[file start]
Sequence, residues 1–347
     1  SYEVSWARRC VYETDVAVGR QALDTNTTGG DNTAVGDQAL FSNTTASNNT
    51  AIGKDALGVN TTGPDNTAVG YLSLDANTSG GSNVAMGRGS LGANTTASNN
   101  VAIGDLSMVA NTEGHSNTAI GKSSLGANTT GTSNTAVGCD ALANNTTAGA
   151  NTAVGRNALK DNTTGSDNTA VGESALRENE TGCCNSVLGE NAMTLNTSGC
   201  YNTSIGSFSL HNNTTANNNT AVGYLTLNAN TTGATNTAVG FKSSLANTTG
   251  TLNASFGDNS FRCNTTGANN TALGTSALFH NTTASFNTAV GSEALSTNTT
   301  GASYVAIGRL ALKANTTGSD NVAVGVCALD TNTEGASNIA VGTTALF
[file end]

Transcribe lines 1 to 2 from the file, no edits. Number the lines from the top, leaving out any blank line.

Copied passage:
Sequence, residues 1–347
     1  SYEVSWARRC VYETDVAVGR QALDTNTTGG DNTAVGDQAL FSNTTASNNT